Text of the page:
The agreement signals the end of GM's long-standing ownership of Opel (88 years) and Vauxhall (92 years), but from the comments made by the US automaker's senior executives, it saw a decreasing rationale for its involvement in Europe. During the press conference, GM's president Dan Ammann noted the divergence in its product line-up with the rest of the world, and which would ultimately see only 20% of synergies with its global business over the coming years. This situation is said not to have been helped by the regulatory environment in the region in terms of emissions, as well as consumer demands for vehicles, which are advanced yet relatively compact, something that PSA is heavily involved. By not continuing to focus investment on these markets, GM's chief executive officer (CEO) Mary Barra has said, "We are reshaping our company and delivering consistent, record results for our owners through disciplined capital allocation to our higher-return investments in our core automotive business and in new technologies that are enabling us to lead the future of personal mobility." Personal mobility is a field into which GM is already moving with the likes of Maven and Lyft. It has also mentioned improving returns to shareholders by accelerating share repurchases. This will all be achieved by the immediate improvement in adjusted earnings before interest and tax (EBIT)-adjusted, adjusted EBIT margins and adjusted automotive free cash flow and de-risking the balance sheet, that will enable it to lower its cash balance requirement under its capital allocation framework by USD2 billion.
This acquisition by PSA will initially drastically increase its sales footprint in the EU and EFTA, turning it from a 1.9-million upa business in 2016 to a 2.95-million upa business. This would see it easily exceed the 1.83 million units sold by the Renault Group in 2016 to reaffirm its position as the second biggest-selling group in the region, although it would remain behind the 3.89 million units sold by Volkswagen (VW) Group. It will also increase PSA's market share in EU+EFTA from around 11% to around 17%. As for how the pair would slot together on a market basis, although the move would do little for PSA's size in its domestic market France, it would increase its positions in Germany, Spain, and the UK as well as offering a small boost in Italy. However, this growth in scale would bring it hugely increased exposure compared with some of its rivals. The combined entity's dependency on Europe would rise to 74% of global sales from the already high level of 66%, almost double that of the VW Group (38%) and even more than the Renault Group (54%). Although PSA is already taking steps to grow outside Europe through a number of endeavours, it is not clear whether or how the Opel brand will be involved in this push particularly given the potential clashes between vehicles using the same intellectual property.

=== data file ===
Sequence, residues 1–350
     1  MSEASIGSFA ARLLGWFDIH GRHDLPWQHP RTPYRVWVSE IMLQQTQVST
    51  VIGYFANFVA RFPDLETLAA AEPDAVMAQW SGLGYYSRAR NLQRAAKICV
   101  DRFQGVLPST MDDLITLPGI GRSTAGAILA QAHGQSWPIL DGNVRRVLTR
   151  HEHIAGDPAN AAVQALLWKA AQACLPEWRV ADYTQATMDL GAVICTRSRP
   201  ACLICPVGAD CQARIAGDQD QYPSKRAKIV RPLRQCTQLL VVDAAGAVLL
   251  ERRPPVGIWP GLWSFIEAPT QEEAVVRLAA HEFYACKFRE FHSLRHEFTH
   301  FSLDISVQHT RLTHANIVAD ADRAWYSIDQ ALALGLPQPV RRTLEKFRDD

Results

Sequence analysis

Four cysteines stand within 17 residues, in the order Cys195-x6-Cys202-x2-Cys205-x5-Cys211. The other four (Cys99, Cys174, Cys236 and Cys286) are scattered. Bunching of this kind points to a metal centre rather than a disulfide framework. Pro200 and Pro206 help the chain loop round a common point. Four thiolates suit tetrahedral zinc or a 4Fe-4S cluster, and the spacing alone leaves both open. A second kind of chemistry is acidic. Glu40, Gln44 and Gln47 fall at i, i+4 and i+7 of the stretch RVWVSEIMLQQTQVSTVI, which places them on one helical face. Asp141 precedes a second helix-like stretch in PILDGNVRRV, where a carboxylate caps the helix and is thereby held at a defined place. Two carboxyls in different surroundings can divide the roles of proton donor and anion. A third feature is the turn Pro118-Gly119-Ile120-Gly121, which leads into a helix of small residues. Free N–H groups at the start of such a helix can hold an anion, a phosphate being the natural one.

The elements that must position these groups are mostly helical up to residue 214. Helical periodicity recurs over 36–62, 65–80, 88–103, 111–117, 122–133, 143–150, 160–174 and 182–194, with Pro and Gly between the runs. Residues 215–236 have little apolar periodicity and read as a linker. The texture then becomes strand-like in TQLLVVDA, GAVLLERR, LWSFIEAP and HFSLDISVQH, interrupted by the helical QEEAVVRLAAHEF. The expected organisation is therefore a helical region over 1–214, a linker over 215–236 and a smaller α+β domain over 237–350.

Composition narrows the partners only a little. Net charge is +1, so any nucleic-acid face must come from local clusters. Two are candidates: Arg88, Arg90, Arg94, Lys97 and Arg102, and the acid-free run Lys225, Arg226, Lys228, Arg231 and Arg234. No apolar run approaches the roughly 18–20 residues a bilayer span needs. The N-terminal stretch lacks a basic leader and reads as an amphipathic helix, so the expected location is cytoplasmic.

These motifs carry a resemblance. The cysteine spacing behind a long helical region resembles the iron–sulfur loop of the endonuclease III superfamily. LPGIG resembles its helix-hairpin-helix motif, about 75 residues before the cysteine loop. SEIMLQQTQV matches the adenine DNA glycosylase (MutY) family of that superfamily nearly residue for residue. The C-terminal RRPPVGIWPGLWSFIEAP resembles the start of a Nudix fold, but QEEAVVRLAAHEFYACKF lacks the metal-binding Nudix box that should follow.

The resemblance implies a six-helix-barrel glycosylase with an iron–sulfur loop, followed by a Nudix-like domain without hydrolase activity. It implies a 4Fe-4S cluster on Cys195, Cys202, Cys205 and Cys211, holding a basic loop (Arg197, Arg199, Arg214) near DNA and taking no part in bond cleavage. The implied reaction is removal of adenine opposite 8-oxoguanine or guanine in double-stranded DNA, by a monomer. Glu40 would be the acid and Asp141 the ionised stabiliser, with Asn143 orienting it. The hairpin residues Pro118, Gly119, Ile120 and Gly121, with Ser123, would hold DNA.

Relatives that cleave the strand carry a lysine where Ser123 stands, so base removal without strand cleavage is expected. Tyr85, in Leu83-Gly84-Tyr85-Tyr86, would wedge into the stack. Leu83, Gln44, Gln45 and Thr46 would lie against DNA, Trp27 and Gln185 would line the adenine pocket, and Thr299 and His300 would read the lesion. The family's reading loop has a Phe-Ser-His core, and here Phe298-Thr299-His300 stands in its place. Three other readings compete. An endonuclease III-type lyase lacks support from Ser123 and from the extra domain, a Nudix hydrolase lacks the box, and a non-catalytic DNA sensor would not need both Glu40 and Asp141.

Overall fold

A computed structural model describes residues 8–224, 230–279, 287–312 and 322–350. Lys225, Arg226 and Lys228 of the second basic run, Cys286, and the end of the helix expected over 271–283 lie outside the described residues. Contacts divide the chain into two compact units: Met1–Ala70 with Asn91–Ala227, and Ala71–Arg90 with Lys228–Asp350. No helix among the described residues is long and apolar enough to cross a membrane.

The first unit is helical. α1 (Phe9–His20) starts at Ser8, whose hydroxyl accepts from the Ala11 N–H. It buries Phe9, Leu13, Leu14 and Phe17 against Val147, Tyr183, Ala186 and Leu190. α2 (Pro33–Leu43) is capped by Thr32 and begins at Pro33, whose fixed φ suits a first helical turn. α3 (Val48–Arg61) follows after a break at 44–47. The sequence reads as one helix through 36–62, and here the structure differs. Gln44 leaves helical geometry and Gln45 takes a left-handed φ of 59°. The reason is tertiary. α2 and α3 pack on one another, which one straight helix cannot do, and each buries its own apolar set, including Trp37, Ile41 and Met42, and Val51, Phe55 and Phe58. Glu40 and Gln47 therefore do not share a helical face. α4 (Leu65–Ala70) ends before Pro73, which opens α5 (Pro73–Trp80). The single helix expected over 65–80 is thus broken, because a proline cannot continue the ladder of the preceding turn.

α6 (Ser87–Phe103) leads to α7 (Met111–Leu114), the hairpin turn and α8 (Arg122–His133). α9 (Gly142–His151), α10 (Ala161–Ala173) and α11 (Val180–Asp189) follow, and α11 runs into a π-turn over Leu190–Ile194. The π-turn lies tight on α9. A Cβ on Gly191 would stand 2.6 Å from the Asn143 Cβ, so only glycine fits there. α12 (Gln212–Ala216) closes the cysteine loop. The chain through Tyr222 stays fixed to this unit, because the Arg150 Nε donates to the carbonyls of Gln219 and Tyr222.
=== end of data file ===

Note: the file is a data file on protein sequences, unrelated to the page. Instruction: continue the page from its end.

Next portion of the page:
Nevertheless, as Ammann has also said, while licensing agreements on GM technology will remain for now, these will eventually shift to PSA platforms. Although a timeline has yet to be set for the transition, IHS Markit anticipates that the B segment will be an important area of integration that will be brought onto PSA's upcoming CMP platform. We forecast that over the lifespan of the first-generation CMP models, up to 7 million units could be built in Europe, with PSA accounting for 4 million units and the remainder coming from Opel. A move onto this platform by Opel's subcompact models could come before the end of 2019, not only to gain synergies but also because of the incoming Euro 6d regulations, and to avoid the expensive redevelopment of the ageing Corsa and others. Overall, we see more than 80% production synergies taking place with B-segment models on this architecture. Nevertheless, the timing of development and introduction in this timeframe would be exceptionally tight. However, the relationships built up between the two companies in earlier product JVs could well help meet this target.